Sessions Backs Death Penalty for Drug Dealers

A.G. supports Trump capital punishment proposal in speech

Attorney General Jeff Sessions / Getty Images

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Attorney General Jeff Sessions on Thursday added his voice to those of other public officials who have called in recent days for the use of the death penalty in cases of serious drug trafficking.

At a speech in Tallahassee, Sessions promised the Department of Justice would "pursue the tough sentences [drug dealers] deserve," up to and including the death penalty where it is permissible under state and federal law.

"Let's be clear about this: Drug dealers take lives every day in America. As President Trump has said, career drug traffickers can take more lives than a mass murderer. That's why the president has ordered us to seek the death penalty in drug trafficking cases where it is appropriate to do so. And just yesterday we began implementing this order at the Department," Sessions said.

President Donald Trump declared on Monday that seeking the death penalty for some drug dealers would be a component of his strategy for combating America's opioid epidemic. Although he did not explicitly call for the establishment of new federal statutes, Trump did make clear that he believes state and federal authorities should pursue the death penalty where law allows it.

Sessions issued a memo Wednesday to U.S. attorneys, outlining preexisting federal statutes which allow for seeking the death penalty in certain drug-trafficking-related cases. Sessions wrote he "strongly encourage[s] federal prosecutors to use these statutes," citing the more than 64,000 deaths caused by drug overdose in 2016 alone.

In his speech Thursday, Sessions said preliminary data suggest that that death rate will continue to grow in 2017, justifying in his eyes the use of state and federal statutes that allow for executing drug dealers.

Sessions reiterated his department's commitment to charging "the most serious, readily-provable offense." Sessions has adopted this attitude before in overturning orders from the Obama Department of Justice. In May of 2017, Sessions instructed U.S. attorneys not to seek to avoid federal mandatory minimums in charging; in January, he granted those same attorneys discretion again to charge marijuana-related offenses under federal law. Both orders were justified on the ground of charging in accord with federal law, rather than the more selective model preferred under Attorney General Eric Holder.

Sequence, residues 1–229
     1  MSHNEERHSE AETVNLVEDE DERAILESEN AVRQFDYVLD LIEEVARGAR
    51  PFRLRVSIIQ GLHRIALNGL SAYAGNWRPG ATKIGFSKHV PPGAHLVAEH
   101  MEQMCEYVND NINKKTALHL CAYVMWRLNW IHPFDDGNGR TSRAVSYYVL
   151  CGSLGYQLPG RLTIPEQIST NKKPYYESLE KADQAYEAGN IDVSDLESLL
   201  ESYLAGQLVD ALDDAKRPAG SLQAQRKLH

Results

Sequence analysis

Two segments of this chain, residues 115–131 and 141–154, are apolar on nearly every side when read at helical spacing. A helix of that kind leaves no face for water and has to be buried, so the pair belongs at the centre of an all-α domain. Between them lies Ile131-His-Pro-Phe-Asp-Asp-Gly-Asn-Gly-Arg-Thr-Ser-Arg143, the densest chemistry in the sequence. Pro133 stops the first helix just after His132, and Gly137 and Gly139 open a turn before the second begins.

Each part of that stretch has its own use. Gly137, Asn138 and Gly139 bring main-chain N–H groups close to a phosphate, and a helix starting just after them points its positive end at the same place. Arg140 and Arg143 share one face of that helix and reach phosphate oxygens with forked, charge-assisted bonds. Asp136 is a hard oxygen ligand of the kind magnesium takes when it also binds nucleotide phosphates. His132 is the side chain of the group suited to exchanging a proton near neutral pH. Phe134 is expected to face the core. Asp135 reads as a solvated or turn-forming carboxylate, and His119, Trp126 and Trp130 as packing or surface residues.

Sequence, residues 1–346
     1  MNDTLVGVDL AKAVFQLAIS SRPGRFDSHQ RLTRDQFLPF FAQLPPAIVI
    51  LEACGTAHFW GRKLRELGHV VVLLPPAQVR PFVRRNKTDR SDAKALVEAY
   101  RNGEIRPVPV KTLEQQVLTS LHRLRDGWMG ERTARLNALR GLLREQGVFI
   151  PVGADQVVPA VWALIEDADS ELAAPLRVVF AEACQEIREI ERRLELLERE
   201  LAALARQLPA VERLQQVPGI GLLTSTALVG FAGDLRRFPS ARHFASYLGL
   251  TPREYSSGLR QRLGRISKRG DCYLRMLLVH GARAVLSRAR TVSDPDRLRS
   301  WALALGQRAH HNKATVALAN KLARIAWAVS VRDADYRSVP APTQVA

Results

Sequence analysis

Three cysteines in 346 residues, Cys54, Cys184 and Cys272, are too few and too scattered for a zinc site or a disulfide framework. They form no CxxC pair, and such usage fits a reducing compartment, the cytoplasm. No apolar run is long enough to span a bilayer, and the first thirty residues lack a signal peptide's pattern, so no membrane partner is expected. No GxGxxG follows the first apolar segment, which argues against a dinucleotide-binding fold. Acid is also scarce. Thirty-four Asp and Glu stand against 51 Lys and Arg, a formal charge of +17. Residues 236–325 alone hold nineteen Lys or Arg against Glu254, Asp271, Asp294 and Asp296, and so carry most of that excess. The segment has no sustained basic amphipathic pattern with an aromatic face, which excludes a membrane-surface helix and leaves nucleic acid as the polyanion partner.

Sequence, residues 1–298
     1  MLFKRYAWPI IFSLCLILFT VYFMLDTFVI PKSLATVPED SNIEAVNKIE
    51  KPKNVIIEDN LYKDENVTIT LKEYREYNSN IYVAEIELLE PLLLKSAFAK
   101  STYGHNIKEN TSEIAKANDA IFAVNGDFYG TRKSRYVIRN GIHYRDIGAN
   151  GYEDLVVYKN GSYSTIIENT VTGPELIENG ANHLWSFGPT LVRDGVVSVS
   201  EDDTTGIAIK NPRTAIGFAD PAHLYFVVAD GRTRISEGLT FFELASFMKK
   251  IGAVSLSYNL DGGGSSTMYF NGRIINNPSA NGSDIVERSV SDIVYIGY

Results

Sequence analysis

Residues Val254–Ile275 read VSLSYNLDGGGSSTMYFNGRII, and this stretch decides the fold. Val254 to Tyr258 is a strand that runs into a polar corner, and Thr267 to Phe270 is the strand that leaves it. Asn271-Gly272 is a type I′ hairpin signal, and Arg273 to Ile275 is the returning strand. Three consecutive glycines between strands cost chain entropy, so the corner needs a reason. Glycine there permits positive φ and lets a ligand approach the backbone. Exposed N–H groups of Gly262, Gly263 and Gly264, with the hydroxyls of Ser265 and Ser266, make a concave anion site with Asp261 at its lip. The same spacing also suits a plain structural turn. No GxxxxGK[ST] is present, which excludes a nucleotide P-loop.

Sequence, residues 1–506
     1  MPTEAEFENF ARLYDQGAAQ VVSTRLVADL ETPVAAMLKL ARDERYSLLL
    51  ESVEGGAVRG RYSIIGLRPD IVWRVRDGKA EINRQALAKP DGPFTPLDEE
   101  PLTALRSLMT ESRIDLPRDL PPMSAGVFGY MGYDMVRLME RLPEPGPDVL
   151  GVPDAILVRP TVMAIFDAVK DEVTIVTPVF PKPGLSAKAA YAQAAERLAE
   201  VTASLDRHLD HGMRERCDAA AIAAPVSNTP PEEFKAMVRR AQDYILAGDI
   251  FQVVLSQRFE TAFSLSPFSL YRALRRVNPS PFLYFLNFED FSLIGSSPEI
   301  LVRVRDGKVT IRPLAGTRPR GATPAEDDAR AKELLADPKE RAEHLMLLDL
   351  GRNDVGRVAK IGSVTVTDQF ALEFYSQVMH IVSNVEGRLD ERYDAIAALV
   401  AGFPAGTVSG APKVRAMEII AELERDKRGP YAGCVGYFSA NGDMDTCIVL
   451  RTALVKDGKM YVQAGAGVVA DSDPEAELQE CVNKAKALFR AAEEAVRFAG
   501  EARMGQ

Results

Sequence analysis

"We cannot allow drug dealers to walk our streets thinking that they will get away with their crimes or that they will only get a slap on the wrist. They need to know that this administration will not hesitate to pursue the maximum sentences allowed by law, including the death penalty. Our message should be clear: Business as usual is over," Sessions said Thursday.

Additionally, Sessions called on Congress to back the president's proposal with a review of existing federal law.

"Congress should support these efforts. Where our laws need to be strengthened, Congress should strengthen them. Congress can be sure that those of us in this room today will carry them out faithfully and with vigor. That's what we do every day," he said.

A group of Republican Congressmen announced such plans on Thursday. A new bill, proposed by Sens. Tom Cotton (R., Ark.), Lindsey Graham (R., S.C.), and John N. Kennedy (R., La.), would enhance the mandatory minimum penalties for those who deal in the super-lethal opioid fentanyl, just three milligrams of which can kill an average adult man. Graham additionally promised that he would hold hearings to consider expanding the federal death penalty.

Sessions also announced Thursday that the Drug Enforcement Administration would "surge" 250 task force officers, as well as additional analysts, to the areas of the United States most affected by the opioid crisis. These resources, Sessions said, would help combat a crisis which seems only to be growing worse.

"Our mission is not hopeless. Crime rates aren’t like the tides. We can take action that can make a difference. President Trump believes that our country can break the vicious cycle of drug abuse, addiction, and overdose that has devastated countless American families, and so do I. The Trump administration will continue to use every tool at our disposal to end this drug crisis," Sessions said.

Charles Fain Lehman

Charles Fain Lehman   Email Charles | Full Bio | RSS
Charles Fain Lehman is a staff writer for the Washington Free Beacon. He writes about policy, covering crime, law, drugs, immigration, and social issues. Reach him on twitter (@CharlesFLehman) or by email at lehman@freebeacon.com.

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